Contact the members of the board of directors and lobby them to save the tree.
Disclaimer of California Attorney. Laws differ from state to state. Although the above response is believed to be... more
Disclaimer of California Attorney. Laws differ from state to state. Although the above response is believed to be accurate, it should not be relied upon as any type of legal advice because the information provided is incomplete. It is intended to educate the reader and a more definite answer should be based on a consultation with a lawyer. No attorney client relation is formed with me without a written contract.
Good Luck starts with a strategy and a plan.
Robert J. Suhajda, MS,CPA
17721 Norwalk Blvd. #43
Artesia, CA 90701
Tax Relief Lawyer. Former financial auditor and controller. Admitted to US Tax Court, Income Tax, IRS representation, Fiduciary income tax returns, Estate and Gift tax returns, Homeowner Association Strategist.
You should contact the board members and try and get them to agree to keep the tree. You can also get additional owners to support you. If enough owners request that the tree remain, then the board might agree.
First, study your CC&R’s and see if the Board of Directors are making the decision or this has been delegated to an architectural committee. Whoever is making the decision, contact those individuals and present your side of the story. Another issue is that many communities have passed tree ordinances which require a city permit to cut a tree down when the trunk is in excess of a certain amount of inches; in some communities it as small as 4" width. If they are in violation of the city ordinance, put the Board of Directors on notice.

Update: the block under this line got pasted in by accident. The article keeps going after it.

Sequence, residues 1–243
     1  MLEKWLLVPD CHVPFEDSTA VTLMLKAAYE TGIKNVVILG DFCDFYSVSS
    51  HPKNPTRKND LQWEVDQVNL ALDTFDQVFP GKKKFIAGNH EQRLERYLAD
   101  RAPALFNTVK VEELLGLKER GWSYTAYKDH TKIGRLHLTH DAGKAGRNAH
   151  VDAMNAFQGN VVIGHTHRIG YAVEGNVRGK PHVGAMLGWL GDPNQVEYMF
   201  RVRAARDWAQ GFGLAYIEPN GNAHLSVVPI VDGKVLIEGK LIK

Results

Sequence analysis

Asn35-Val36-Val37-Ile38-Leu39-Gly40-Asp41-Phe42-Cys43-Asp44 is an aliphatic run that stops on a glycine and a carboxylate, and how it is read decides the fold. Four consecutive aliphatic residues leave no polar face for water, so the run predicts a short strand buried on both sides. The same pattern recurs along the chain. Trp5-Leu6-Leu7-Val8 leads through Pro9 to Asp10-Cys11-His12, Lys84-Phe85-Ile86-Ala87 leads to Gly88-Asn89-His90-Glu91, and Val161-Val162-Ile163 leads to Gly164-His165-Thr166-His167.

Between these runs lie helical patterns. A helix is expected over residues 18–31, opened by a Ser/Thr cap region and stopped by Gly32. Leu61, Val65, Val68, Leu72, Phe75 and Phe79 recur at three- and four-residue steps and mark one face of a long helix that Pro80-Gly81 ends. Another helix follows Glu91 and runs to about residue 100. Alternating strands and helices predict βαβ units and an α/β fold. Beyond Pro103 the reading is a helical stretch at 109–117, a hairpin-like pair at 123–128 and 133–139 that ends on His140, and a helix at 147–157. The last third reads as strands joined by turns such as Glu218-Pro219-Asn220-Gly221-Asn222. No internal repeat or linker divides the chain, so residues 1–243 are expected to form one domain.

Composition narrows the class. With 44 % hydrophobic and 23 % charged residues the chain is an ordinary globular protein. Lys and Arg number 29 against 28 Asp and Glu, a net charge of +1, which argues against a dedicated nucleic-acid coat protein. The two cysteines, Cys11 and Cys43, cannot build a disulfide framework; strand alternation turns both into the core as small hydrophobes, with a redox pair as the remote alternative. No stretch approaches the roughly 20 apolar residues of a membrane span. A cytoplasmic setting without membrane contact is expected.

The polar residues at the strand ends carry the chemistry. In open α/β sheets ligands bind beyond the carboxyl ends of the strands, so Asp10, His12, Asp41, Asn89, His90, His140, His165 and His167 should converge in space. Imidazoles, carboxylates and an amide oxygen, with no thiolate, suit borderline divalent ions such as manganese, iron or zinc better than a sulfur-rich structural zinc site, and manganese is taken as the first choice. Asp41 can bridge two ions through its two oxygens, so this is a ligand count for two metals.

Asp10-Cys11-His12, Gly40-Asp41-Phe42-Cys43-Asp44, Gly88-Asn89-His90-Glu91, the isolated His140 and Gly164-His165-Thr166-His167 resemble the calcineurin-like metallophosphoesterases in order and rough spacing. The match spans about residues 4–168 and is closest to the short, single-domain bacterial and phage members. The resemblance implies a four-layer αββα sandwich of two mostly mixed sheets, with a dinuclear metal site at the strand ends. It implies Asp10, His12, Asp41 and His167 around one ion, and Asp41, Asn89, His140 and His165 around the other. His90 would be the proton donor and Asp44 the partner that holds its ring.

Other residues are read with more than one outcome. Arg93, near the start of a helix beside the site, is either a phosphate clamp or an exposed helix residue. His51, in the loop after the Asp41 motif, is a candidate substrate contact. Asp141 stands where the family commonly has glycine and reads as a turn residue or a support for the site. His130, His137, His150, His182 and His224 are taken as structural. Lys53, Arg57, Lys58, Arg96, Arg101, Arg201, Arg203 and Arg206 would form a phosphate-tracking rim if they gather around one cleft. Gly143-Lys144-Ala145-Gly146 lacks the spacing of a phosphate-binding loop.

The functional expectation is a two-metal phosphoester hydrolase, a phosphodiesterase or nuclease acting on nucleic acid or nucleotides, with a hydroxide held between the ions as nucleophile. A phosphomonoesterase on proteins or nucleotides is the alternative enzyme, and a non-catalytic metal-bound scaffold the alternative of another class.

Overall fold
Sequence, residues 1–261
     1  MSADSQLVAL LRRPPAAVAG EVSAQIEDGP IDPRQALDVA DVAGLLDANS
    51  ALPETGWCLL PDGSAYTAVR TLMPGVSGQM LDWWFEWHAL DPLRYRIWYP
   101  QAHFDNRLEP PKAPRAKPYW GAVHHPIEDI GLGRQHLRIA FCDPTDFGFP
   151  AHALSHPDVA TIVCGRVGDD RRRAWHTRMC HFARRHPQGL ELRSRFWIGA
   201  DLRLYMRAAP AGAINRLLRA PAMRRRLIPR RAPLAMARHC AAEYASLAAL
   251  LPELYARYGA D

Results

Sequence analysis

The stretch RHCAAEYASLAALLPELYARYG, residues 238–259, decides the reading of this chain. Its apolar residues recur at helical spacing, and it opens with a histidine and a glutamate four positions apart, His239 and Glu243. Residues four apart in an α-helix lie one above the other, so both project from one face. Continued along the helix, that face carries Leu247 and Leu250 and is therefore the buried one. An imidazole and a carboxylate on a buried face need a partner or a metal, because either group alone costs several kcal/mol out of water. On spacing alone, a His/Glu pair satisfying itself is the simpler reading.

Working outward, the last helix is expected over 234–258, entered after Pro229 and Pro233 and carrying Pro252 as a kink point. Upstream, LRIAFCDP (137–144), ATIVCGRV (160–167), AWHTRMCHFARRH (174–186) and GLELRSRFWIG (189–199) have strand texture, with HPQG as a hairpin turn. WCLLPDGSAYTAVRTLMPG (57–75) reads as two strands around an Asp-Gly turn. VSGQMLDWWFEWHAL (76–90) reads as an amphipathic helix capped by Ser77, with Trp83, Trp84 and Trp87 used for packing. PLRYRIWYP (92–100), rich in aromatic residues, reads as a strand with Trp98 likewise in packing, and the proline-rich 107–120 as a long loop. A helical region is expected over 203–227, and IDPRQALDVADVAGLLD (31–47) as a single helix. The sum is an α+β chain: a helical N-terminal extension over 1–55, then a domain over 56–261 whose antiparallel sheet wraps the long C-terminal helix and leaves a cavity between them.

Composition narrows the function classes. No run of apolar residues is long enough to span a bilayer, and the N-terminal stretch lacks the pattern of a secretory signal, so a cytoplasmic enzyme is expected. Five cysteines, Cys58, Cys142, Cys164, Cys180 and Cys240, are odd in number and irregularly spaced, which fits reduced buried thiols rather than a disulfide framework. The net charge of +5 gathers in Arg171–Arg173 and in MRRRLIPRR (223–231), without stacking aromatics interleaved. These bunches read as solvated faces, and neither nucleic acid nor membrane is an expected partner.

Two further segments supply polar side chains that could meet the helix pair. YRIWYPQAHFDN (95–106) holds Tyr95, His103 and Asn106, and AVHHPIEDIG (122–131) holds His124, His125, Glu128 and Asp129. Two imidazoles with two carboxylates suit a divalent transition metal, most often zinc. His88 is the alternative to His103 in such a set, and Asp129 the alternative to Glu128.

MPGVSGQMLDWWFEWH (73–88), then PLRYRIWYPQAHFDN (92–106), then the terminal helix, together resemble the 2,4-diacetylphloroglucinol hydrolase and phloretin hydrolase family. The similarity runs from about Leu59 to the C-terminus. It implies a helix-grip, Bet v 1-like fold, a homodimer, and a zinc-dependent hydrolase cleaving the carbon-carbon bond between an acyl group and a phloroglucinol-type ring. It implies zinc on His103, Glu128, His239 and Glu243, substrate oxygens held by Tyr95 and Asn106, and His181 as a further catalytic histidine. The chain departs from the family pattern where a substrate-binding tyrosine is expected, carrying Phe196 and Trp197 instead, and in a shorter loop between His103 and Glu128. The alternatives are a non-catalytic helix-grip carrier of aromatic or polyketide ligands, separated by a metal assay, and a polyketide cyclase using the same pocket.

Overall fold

I hope this is helpful.
John N. Kitta
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This participating Attorney does not warrant any information provided, nor are we creating an Attorney-Client relationship by providing said information to you on this site. Nothing contained herein is intended to constitute, offer, induce, promise, or contract of any kind. The content provided is presented as a courtesy to be used only for informational purposes and is not represented to be error free. The Law Offices of John N. Kitta makes no representations or warranties of any kind with respect to its answer to inquiries, and such representations and warranties are being expressly disclaimed. Given limited facts, we are attempting to share relevant information concerning this area of the law as a public service.
If it's in a common area, it's not "yours." Decisions concerning the maintenance of common areas are made in accordance with the procedures set forth in the Declaration of Condominium and the bylaws. Typically condo owners have an undivided fractional interest in common areas, and the HOA or COA makes decisions about maintenance. Consult the Declaration and Bylaws to ascertain what rights you may have.
Not legal advie as I don't practice law in California. It's just my two cents on the facts you describe in light of general principles of law. If you need legal advice, please consult a lawyer who holds California licensure. I practice in Vermont ONLY.